Here’s a quick way to play the good sounding notes

Now you know the pentatonic scale and maybe played with it, it’s time to learn some more

Lets assume you want to improvise a blues solo. The standard blues progression looks like this

| A7    | D7     | A7     | A7     |
| D7    | D7     | A7     | A7     |
| E7    | D7     | A7     | E7     |

This is a major blues, but it could just as well be a minor blues. Just replace the Major chords with minor chords. A7 becomes Am7 for instance.

When you play the pentatonic scale soon you will notice some notes sound better than others. This depends on the chord that’s being played. Especially the E7 chord will prove to be a pain in the butt.

I’ll show you which notes sound good on each of these three chords. Each chord has it’s own good sounding notes.

Lets start with the A7 chord.

A-penta-note

The black notes will sound great. The gray notes will not sound that awesome.

D-penta-note

You can use a A minor Pentatonic scale on a D7 chord, but there are more notes to avoid.

E-penta-note

And this is why the E7 chord is so ‘nasty’ to play over using this scale. You can use just a few notes of the scale on it..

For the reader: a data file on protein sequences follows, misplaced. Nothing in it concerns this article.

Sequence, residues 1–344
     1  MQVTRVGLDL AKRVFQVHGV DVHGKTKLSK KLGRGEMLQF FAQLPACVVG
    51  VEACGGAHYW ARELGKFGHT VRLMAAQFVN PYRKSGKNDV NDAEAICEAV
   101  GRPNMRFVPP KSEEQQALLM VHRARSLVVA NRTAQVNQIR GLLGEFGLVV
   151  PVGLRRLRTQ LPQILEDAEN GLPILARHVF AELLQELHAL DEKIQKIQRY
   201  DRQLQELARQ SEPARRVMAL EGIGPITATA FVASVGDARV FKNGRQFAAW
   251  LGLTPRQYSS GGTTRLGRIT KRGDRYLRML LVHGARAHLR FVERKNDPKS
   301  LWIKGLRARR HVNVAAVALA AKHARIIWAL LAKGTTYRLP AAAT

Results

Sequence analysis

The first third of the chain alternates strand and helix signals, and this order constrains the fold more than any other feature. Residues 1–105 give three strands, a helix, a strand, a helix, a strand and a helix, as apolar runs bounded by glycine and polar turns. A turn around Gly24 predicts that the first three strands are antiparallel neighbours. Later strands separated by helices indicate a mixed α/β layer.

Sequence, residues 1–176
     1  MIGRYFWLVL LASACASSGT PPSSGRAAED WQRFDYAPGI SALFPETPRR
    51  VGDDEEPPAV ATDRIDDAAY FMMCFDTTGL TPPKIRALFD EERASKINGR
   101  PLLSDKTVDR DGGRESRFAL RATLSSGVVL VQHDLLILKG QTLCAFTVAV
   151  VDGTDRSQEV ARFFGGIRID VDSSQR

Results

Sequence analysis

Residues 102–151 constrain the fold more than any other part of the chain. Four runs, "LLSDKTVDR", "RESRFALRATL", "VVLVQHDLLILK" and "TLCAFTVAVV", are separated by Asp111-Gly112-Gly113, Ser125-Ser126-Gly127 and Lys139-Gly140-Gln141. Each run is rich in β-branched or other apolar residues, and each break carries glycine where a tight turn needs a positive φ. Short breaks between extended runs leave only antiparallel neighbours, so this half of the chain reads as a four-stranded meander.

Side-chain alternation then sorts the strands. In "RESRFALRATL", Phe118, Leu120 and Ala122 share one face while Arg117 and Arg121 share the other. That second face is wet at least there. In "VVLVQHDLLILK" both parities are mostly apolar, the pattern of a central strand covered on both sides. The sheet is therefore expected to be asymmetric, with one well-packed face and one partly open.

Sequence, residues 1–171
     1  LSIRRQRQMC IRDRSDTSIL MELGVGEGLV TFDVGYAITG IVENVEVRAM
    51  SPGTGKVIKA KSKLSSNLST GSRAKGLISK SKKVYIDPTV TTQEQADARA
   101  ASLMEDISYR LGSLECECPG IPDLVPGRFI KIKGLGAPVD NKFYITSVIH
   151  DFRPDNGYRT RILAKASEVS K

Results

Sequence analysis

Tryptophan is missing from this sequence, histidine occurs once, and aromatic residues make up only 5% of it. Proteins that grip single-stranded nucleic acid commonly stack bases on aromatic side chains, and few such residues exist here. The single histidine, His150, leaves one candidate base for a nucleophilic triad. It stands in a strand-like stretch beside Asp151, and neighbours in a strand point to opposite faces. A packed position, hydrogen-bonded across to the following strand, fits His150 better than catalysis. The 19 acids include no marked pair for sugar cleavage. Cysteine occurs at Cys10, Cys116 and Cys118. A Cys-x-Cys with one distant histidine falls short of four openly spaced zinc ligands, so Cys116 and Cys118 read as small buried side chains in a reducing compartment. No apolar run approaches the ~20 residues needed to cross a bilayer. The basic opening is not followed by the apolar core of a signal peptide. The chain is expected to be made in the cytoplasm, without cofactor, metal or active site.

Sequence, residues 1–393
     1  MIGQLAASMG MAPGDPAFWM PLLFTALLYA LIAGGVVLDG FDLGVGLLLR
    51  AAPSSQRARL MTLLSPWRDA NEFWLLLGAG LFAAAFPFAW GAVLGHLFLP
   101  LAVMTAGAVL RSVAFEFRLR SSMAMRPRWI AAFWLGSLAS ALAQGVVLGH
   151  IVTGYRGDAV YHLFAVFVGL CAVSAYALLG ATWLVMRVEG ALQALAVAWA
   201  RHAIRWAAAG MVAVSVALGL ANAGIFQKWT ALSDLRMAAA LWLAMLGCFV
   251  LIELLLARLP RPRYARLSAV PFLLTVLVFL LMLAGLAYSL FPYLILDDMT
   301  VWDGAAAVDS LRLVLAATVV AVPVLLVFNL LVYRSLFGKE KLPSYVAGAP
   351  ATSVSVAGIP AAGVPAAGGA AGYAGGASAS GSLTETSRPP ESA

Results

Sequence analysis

It’s not to say you can’t play the gray notes on that chord! Just don’t put too much attention on them. The black notes are the notes that sound good and you can let them ring out. You can still use the gray notes in your licks.

The most important thing is to use your ears. When it doesn’t sound right move up or down one note in the scale. Move up or down a scale position. But now you know exactly which notes will do the trick. These good sounding notes will get your improvsing, your solo’s up to the next level.

As an excercise you could record an A7, D7 or E7 chord and play this scale to get familiar with the notes you can use. A Looper look the Tc Electronic Ditto or the Boss RC3 comes in very handy at times like these.

Practise and have fun

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